Interview: Juha Kytölä, Director of R&D and Engineering, Wärtsilä

December 12, 2023

Image courtesy Wärtsilä
Image courtesy Wärtsilä
Image courtesy Wärtsilä
Image courtesy Wärtsilä
Juha Kytölä, Director of R&D and Engineering, Wärtsilä. Image courtesy Wärtsilä
Juha Kytölä, Director of R&D and Engineering, Wärtsilä. Image courtesy Wärtsilä
Image courtesy Wärtsilä
Image courtesy Wärtsilä

As maritime faces transcendent changes in terms of decarbonization and automation, Juha Kytölä, Director of R&D and Engineering, Wärtsilä, discusses how this Finnish maritime technology powerhouse is investing in the technologies and facilities that will drive the maritime industry for the coming generation, including insights on its unique arrangement for a future fuel engine testbed onboard Wasaline’s MS Aurora Botnia.


  • To start off, can you give a scope of the Wärtsilä R&D investment?

We invest heavily in research and development, about 4.1% of our annual turnover. So last year $255 million was used for research and development activities; not only for engines activity, but the major part of that does go into the engine R&D.

  • This is a transcendent time in the maritime industry. How do you see it?

The transition taking place in the industry is huge [offering many] challenges, [and also offering many] opportunities. My 34-year career has always been closely linked to technology development, and I have been involved in introducing new fuels [to market]. We put a lot of focus on introducing liquefied natural gas as a fuel for shipping, which was a very big step [and has made] a big contribution toward decarbonization.
Today ship owners have the will to optimize their operations, not only for economical drivers, but especially for the environment. These are fantastic times for people in research and development; it’s motivating for our people, working to contribute to decarbonization in a global business.

  • Wärtsilä has a relatively new sustainable technology hub in Vaasa, Finland. Can you tell us about the new facility; specifically, what does it add to Wartsila’s overall capability in helping to create and deliver decarbonization technologies in the maritime sector?

We indeed have made great investment within Wärtsilä for developing the facilities and the infrastructure so that we can make steps forward in developing new products and solutions. Here in Finland, in Vaasa, we have a long industrial heritage with more than 100 years operations on the same site, which consists of older and modern facilities. Wärtsilä made a bold decision a few years ago to completely build new facilities, to relocate the activity about two kilometers from the older place, close to the harbor of Vaasa City. It’s a $272 million investment which brings us about 60,000 sq. m. space under one roof, serving our research, development, testing and validation, as well as the production for producing our engine products to the markets, both of the marine market but also on the land-based energy markets. It’s a fantastic facility, inaugurated in mid-2022, with a lot of modern facilities.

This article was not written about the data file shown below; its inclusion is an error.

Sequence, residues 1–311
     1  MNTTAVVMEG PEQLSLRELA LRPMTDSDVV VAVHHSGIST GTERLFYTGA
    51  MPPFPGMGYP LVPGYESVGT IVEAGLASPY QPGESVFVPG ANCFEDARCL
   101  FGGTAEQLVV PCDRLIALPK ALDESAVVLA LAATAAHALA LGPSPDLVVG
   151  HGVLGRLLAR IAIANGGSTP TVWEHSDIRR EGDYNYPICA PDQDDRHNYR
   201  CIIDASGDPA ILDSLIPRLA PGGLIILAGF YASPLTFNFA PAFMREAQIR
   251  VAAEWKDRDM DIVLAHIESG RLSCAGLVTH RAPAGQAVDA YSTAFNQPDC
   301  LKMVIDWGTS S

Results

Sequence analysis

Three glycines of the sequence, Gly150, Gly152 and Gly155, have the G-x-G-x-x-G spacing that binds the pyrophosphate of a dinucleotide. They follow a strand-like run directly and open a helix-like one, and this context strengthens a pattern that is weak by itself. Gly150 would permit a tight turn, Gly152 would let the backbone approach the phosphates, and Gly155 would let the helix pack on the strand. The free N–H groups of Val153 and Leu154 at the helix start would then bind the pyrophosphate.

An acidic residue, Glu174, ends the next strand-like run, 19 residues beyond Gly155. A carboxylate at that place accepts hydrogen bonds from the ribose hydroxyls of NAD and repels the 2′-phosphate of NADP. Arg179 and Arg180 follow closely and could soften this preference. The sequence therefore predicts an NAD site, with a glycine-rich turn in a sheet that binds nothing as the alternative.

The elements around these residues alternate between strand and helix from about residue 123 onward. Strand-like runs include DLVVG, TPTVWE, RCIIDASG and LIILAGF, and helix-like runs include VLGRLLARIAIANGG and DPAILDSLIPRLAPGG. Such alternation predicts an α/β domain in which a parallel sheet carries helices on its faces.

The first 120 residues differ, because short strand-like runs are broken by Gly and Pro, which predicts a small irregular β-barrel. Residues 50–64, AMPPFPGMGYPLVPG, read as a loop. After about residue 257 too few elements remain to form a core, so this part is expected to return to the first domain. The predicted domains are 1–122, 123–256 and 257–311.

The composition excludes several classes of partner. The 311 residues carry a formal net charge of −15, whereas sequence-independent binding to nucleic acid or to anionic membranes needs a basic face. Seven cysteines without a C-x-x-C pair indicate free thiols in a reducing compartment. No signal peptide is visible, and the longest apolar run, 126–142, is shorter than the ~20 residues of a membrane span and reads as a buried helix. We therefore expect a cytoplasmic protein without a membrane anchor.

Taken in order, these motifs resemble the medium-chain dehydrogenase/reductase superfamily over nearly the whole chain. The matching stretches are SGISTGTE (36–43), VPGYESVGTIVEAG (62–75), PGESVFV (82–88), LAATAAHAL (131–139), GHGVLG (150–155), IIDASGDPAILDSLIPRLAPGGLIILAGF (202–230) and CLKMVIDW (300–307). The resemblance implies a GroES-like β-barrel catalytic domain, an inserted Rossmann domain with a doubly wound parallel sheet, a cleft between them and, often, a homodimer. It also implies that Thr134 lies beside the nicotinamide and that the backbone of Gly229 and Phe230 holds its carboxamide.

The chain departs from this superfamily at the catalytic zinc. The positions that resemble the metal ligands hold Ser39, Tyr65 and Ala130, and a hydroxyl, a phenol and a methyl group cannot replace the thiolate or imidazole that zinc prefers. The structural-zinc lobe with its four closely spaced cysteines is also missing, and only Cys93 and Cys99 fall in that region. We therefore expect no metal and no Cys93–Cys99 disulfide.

• Can you discuss the challenges in manufacturing and customer support while you’re planning for the future, a future that still has many questions, while supporting the legacy technology and those that rely on it?

Climate regulation is pushing for continuous improvement, fuel efficiency, and also the fuels that are being used. Today the marine industry is using around 300 million tons of fossil fuel per year, and there is a great need now to replace that with solutions which are not causing climate impact. One of those fuels we are developing to be used for marine is methanol. Methanol is a good fuel. It can be produced from bio sources or also from synthetic basis. So using hydrogen and capturing CO2 or carbon. Today there is production of methanol already in the world. If we count in the global production, that’s around 90 million tons per year, but that is used by other industries, too. So at the same time we develop the technologies for using methanol, we need to find ways to ramp up the production volumes for these alternative fuels, where methanol is one candidate.Image courtesy Wärtsilä